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Tremulous is a free, open source game that blends a team based FPS with elements of an RTS. Players can choose from 2 unique races, aliens and humans. Players on both teams are able to build working structures in-game like an RTS. These structures provide many functions, the most important being spawning. The designated builders must ensure there are spawn structures or other players will not be able to rejoin the game after death. Other structures provide automated base defense (to some degree), healing functions and much more...
Player advancement is different depending on which team you are on. As a human, players are rewarded with credits for each alien kill. These credits may be used to purchase new weapons and upgrades from the "Armoury". The alien team advances quite differently. Upon killing a human foe, the alien is able to evolve into a new class. The more kills gained the more powerful the classes available.
The overall objective behind Tremulous is to eliminate the opposing team. This is achieved by not only killing the opposing players but also removing their ability to respawn by destroying their spawn structures.
* Flexible particle system - 99% of the in-game visual effects are configured using particle scripts. * 16 buildable structures with in-game functions. * Play as several alien classes with unique abilities. * Customize your setup as a human and buy new weapons, armour and items. * Scale the walls and ceilings as an alien waiting for an unsuspecting human. * Realistic physics and motion - no bunny hopping or quick back peddling. * Flexible map system - animated mapobjects, triggering, light flares, etc. * Large weapons system - don't like the weapon you have? Sell it and buy a different one, dozens of options.
Tremulous is a first-person shooter featuring opposing humans and alien teams, with some elements of real time strategy. Players must build and protect a base which is essential for their survival. The base is used primarily to allow them to respawn and as a secure location to heal. Builders access a build menu and select the building they wish to construct. The desired structure then appears as a translucent, colored version of itself which slides along the ground in front of the builder to allow placement. Each building takes up a certain number of build points available to each team. The total build points available is determined by server settings and puts limits on how large the bases can become, causing a point of difference in gameplay from server to server. In addition, most games enter a "sudden death" or "SD" mode ten to fifteen minutes before the draw/tie time limit. This is a period when all build points are taken away, effectively disabling the ability to build all buildings except the overmind/reactor and some server-specific structures.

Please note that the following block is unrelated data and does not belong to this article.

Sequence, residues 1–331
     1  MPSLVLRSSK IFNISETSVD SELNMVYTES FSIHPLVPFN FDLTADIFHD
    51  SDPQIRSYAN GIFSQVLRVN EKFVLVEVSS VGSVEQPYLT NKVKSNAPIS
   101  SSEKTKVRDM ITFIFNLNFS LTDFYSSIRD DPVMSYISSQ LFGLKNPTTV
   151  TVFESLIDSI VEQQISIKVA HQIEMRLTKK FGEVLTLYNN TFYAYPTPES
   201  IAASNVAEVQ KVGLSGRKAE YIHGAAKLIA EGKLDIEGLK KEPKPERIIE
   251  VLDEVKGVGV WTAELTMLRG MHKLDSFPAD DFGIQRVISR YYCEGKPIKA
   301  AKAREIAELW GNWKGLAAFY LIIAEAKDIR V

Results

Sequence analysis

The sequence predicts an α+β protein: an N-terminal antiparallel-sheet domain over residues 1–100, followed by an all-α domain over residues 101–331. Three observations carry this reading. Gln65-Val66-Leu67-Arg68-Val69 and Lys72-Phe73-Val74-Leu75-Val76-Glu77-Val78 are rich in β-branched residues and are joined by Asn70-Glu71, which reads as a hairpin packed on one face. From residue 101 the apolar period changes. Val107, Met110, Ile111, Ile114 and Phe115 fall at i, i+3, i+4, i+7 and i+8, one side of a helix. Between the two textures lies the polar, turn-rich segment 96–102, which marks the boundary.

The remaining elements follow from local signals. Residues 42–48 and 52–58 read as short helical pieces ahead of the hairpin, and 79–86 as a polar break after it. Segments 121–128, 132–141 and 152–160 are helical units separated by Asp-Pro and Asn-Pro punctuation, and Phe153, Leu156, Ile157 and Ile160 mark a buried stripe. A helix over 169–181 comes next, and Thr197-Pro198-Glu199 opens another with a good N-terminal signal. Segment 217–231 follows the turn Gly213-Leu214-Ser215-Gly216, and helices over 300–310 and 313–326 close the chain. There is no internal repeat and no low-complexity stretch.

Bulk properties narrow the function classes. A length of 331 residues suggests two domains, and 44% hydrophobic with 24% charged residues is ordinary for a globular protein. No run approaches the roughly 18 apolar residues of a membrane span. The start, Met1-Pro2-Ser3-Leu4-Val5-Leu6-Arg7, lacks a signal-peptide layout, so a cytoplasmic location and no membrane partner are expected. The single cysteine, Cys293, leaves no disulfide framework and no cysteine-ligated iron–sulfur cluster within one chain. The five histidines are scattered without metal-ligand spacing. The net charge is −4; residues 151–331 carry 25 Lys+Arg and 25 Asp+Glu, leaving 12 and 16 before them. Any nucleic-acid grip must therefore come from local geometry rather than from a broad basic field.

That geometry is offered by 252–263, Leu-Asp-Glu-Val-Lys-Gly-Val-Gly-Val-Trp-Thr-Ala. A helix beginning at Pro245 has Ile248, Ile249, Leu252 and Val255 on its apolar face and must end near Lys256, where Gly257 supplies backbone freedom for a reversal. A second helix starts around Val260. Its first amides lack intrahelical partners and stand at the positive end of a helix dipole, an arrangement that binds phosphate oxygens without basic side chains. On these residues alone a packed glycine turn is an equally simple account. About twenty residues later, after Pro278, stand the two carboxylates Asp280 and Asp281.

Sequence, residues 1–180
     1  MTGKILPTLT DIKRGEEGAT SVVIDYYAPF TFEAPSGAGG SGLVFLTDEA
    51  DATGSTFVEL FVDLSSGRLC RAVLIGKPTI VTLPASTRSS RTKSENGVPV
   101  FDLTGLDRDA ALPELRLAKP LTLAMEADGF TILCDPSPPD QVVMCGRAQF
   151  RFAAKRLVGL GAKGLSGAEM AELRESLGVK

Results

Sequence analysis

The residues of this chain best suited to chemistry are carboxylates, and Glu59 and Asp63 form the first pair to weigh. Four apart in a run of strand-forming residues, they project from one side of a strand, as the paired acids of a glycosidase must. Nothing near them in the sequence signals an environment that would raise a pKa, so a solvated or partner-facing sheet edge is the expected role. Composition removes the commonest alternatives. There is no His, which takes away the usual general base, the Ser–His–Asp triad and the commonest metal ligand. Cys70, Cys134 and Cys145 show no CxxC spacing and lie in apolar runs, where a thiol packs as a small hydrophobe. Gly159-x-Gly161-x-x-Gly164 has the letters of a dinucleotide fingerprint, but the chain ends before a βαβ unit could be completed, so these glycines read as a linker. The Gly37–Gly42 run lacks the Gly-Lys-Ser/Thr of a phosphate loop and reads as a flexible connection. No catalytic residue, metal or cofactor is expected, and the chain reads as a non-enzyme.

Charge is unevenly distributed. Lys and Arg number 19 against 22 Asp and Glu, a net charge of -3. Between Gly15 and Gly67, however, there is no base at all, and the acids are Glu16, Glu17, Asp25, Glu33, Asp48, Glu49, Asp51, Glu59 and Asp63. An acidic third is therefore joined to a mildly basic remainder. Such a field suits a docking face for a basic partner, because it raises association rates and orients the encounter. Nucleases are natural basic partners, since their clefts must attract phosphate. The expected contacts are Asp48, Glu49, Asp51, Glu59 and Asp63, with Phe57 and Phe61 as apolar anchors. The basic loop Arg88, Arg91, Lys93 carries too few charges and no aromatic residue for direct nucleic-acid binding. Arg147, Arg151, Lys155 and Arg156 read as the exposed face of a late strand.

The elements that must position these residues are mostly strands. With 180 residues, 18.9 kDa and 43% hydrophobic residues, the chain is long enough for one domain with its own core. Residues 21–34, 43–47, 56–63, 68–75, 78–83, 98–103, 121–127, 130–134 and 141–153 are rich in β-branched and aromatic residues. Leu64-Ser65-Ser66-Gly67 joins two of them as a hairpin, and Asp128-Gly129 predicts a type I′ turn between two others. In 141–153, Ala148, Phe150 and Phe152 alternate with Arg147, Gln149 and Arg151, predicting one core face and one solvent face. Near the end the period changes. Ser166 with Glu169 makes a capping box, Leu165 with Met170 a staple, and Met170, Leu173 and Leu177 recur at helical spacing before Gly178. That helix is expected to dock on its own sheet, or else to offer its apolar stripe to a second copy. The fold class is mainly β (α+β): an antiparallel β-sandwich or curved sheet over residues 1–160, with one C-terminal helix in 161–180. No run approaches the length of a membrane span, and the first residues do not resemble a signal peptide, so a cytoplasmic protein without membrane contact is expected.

The teams do not have access to all possible upgrades at the beginning of the game. Each team must accrue a number of kills in order to advance to the next developmental stage, of which there are three (commonly referred to as S1, S2, and S3, or Stage 1, 2, and 3). The point at which a stage change occurs varies dynamically depending on the number of players on each team. Each new stage brings more upgrades for the humans and more classes for the aliens. Both teams acquire new buildings at each new stage. In addition to requiring a certain stage, each human item or alien class must be purchased using currency earned in game. Players earn currency by killing enemies, after which the player will earn an amount of currency relative to how much damage he did, and how upgraded his opponent was.
A match ends when all players of a team have been killed and all of their spawn points have been destroyed.
The two sides have different strengths and weaknesses:
- Humans utilize various weapons, armors and other high-tech equipment (such as the jet pack) as a means to upgrade their combat abilities. They are primarily suited for ranged fighting and need a strong, defensible base in order to survive. They can save up to 2000 "credits" for purchasing upgrades at the armory, which range from 70 to 600 credits in price.